One in every four people endure mental health problems, and an estimated 70 million working days are lost due to mental health in the UK each year. This morning, on National Stress Awareness Day, I attended a Mental Health in the Workplace session by Collingwood Legal. It was an informative and inspiring morning, with a helpful legal outline presented by Principal Solicitor Paul McGowan, and a personal testimony and suggested guidelines to stay mentally fit, by writer Jeremy Thomas.
You’ll doubtlessly agree that it’s just good practice to look out for the health of those around us, but I was also staggered to learn that mental health problems cost employers an estimated £30 million a year. How can we guard our own mental health? And how can we support those in our workplace to help take care of theirs?
Prevention is better than cure
Manage your stress levels Jeremy suggested using an app like Freedom, which allows you to disconnect from the internet for a selected length of time. No more pings to alert you and distract you, allowing you time to focus fully on an important task, or perhaps switch off. I have found that developing the skills to prioritise, delegate and say no when necessary are liberating, empowering and have given my productivity a huge boost.
Get good sleep It can be easy to fall into the trap of burning the candle at both ends. There can often seem to be so much to do, but so little time to do it. Many of us have fallen into habits of working so hard and so long that we burn ourselves out at times- and that’s no good for anyone.
Keeping a healthy perspective, and recognising that perfection may not be possible, helps us to draw a line and switch off. Take a walk, get your body tired, turn off your screens, cut out the caffeine; curl up with a hot milk, a good book and a lavender sachet under your pillow, and take some time to relax and give thanks as you unwind for the night. Richard used to ask me: “Is this something worth losing sleep over?” The answer is almost always “No!”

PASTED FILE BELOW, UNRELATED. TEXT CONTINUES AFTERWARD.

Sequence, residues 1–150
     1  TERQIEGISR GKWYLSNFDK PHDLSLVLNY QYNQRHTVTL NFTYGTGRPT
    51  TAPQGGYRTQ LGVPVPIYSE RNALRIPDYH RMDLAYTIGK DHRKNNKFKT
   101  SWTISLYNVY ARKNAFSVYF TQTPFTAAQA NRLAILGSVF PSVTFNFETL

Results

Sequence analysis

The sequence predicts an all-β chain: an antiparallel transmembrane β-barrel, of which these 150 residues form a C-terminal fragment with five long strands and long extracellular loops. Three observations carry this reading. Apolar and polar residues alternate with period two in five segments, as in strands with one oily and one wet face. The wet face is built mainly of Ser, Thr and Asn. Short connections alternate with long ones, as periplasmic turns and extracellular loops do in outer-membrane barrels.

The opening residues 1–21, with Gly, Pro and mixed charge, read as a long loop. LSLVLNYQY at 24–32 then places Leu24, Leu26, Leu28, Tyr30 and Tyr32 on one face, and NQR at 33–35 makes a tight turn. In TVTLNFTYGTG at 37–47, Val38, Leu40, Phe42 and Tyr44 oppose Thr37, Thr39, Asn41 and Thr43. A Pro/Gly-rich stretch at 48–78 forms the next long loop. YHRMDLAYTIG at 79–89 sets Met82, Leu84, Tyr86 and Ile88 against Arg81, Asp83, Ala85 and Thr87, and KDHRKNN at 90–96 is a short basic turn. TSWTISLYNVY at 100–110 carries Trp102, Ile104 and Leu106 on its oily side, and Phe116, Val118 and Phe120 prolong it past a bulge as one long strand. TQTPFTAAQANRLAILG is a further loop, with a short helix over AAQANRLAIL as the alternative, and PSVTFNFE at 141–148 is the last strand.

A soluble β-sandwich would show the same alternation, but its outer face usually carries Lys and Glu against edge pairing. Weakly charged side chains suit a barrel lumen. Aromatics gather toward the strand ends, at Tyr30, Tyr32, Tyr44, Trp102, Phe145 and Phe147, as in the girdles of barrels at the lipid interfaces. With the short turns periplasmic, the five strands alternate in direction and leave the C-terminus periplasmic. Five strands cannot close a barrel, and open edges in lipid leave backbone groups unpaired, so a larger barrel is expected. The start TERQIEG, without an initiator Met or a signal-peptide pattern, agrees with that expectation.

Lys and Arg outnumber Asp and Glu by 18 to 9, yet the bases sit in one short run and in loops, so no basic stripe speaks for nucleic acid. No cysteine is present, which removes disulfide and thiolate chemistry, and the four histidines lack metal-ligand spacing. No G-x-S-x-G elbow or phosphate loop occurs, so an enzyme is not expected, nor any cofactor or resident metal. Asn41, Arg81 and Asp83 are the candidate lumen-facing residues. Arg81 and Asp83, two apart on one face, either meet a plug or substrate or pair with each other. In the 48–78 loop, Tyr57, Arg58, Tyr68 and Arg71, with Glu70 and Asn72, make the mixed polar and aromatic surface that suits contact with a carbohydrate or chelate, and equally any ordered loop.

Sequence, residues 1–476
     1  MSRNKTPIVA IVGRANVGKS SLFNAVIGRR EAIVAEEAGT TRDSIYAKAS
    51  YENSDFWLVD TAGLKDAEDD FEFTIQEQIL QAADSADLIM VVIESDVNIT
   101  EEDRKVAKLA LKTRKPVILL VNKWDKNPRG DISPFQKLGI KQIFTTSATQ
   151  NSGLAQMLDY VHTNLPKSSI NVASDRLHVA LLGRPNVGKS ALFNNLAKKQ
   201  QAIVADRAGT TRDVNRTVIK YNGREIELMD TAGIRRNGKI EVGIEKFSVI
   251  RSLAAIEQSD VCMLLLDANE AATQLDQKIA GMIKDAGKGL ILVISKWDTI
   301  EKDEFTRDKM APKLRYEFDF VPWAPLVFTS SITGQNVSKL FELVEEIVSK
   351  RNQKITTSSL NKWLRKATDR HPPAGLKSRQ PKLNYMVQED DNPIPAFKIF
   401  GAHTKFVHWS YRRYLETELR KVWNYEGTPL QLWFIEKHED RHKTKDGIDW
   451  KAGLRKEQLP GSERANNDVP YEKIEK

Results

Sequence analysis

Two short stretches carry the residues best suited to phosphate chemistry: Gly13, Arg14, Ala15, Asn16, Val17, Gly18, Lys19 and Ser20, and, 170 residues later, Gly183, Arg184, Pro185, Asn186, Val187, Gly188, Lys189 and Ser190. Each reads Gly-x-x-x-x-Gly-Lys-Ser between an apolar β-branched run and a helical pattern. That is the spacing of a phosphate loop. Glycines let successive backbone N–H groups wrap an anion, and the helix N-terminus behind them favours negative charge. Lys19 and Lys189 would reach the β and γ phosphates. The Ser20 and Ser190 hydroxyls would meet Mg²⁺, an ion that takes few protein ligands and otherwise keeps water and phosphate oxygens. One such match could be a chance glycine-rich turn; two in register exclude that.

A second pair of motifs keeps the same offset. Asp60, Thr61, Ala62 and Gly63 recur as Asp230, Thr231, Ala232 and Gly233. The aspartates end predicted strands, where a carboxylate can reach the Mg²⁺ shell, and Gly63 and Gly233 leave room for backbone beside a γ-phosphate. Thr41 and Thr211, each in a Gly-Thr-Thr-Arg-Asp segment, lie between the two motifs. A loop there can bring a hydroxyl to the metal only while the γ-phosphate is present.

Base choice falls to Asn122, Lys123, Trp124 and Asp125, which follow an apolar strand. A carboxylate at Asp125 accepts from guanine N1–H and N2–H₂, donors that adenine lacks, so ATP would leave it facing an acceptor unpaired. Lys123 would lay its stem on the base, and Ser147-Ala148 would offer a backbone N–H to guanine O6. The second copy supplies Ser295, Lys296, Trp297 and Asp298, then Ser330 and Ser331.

Have a routine When I get busy, one of the first things to fall by the wayside is regular meals. I’ll often work through lunch, and I’ll sometimes skip breakfast. When we do this, our bodies are running dangerously low on fuel, and it affects our performance, mood and mental health. We then may be more likely to grab some junk food to quickly get rid of the hunger pangs- resulting in a sugar crash, lethargy and weight gain, which compound low mood.
Sometimes, sitting down to a proper meal sounds like too much effort, or even an impossibility. But, when we fuel our bodies properly, we feel better and we work better. We have a better perspective, a chance to appreciate and enjoy life and the opportunity to relax and build relationships with others. Eating well keeps us healthy emotionally and physically, so well worth prioritising.
Around the structure of meals, adding sport, service, hobbies and family is much easier, ensuring a really healthy work/life balance, and a healthy mind.
Exercise Keeping active has such a positive impact on both our physical and mental wellbeing. We know it! But do we prioritise it?! It increases our chances of living longer, helps us feel better about ourselves, decreases likelihood of depression, helps us to sleep and maintain a healthy weight, allows us to relax and can provide opportunities to develop friendships. Training for a marathon is excellent, but a brisk walk for 20 minutes every day is great, too. What’s stopping you?! (Now, what are you going to change to make it happen?!)
Keep targets realistic Jeremy suggests keeping your to-do list to just three things. This is a great way to prioritise, focus and feel a sense of achievement, without being overwhelmed.
Manage your anger It’s important to remember that anger is sometimes justified and a right response to a situation. Anger needs to be addressed, identified, managed, and dealt with rather than hidden or buried, where it is likely to fester, grow and erupt in an uncontrolled way. Take time to cool off and to consider how best to address the situation. Take up a sport that allows you to get rid of some of the pent- up energy or frustration you may feel, in a productive way.
Be proud Don’t allow others to put you down. Don’t talk negatively about yourself either.
Talk about it Take the time to explain to someone you trust about how you feel. Employers should make sure lines of communication are open for employees to talk openly and frankly and their mental health, before it becomes a problem (and, also, when it does!) Talk to a friend or family member, a counsellor or a bloke down the pub…but don’t bottle it up!